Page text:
What to Know Before Signing a Lease

Image includes a person's hand holding a pen, signing a signature.

We’ve talked about finding real estate and securing funding, so what comes next in the business-building process? If you’ve decided to rent property, then you’re probably getting ready to sign a lease. These documents are lengthy and can be overwhelming to review. Let’s outline what you need to know, and potentially negotiate, before signing your lease.

There are about 20 different factors to keep in mind when reviewing and signing a lease. Let’s look at the first six in detail.

  1. Rent amount. This is pretty basic, but you should review the amount you will be committed to paying in rent each month.
  1. TICAM (taxes, insurance, common area maintenance). This calculation is usually done first by the landlord. It is recommended that a broker reviews this calculation with you to catch any discrepancies. 

“Once a landlord included marketing expenses with the TICAM agreement,” says David Meeker, Owner, Elm Partners. “Try and have the TICAM expenses listed out line by line, so something like that can’t happen.”

  1. Free rent period. You can negotiate on the front end of the agreement that you don’t pay rent until after construction is complete, and if you beat the timeline, you might have free rent even after occupancy begins. It’s common to negotiate that rent doesn’t start until 9 months after lease signing, or that rent doesn’t start until you get Certificate of Occupancy. 
  1. Tenant upfit allowance. This is a certain credit offered by the landlord per sq foot of space, depending on the condition of the property and can range from $10 to $75 per square foot. Some landlords will provide this allowance while construction is going on, others will make you wait until occupancy.
  2. Condition of the space. First off, there a couple of terms that need definition. Often you may see the building conditions listed in a lease as cold shell or warm shell. Cold shell means any building or rentable area that consists only of a bare, unimproved shell with no interior finishes, HVAC, plumbing, lighting, elevators etc. Cold shell can also be referred to as dark shell, cold dark shell, a cold shell, a grey shell, or a base shell. The term warm shell means that any building or rentable area has been minimally fitted out with basic services (such as ceilings, lighting, plumbing and HVAC). Understanding whether you are leasing a warm shell or cold shell will dictate how much money you will need to invest in getting the space ready to occupy.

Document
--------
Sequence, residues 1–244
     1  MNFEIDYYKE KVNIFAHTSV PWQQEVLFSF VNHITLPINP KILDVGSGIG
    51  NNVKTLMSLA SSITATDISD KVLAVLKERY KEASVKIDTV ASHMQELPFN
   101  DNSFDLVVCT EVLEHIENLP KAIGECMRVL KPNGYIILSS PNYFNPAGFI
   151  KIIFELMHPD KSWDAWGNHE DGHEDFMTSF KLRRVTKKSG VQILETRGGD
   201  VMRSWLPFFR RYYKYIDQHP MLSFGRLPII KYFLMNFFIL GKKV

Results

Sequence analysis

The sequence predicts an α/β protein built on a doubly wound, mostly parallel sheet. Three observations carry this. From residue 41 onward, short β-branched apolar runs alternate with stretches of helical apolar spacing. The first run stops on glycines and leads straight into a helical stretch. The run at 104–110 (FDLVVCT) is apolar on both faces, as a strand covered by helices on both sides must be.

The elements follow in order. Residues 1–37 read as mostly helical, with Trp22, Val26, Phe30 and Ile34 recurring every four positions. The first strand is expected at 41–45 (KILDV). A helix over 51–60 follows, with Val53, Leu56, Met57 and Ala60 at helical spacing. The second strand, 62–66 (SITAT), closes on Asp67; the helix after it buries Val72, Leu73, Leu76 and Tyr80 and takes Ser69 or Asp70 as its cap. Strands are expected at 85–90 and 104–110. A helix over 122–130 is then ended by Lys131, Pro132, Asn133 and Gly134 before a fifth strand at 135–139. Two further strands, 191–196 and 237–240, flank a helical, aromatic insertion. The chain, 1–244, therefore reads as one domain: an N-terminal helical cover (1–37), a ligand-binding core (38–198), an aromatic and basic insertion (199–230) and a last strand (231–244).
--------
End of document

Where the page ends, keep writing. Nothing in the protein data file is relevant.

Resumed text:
if you’re the first tenant, you will be putting in metering, mechanical, electrical, and plumbing, which equates to a ton of cost. It’s different when you’re taking over an existing space because all of this is done for you. 

The landlord will outline their scope of work as well. This outlines what they will do to the space before you move in. This includes things like HVAC, for example, are they providing a new unit or is the existing unit in working condition? A broker can be instrumental in negotiating this scope and can ensure that the landlord owns the demising of the walls, fire rating assembly, and make sure utilities are included. 

  1. Renewal options. Know when your lease expires, generally, the rent in a market goes up year over year, but your lease doesn’t have to. Landlords will offer a lower rate to keep you in the space longer. Committing to longer-term occupancy can keep your costs down.

As mentioned, there are many additional factors to consider when reviewing a lease. This is where a broker and/or a real estate attorney should get involved and help you review the lease at a deeper level. Your lease is an important document and there is much to be negotiated within before you actually sign. These agreements will be critical as you go through and execute your build-out.

“In general, you will need to reference your lease more than you expect,” says Meeker. “All the way through to the end of the project.”

Speaking of the end of the project, now you’re probably wondering how long this whole process will take once you have signed on the dotted line. Read our next blog to better understand project timelines.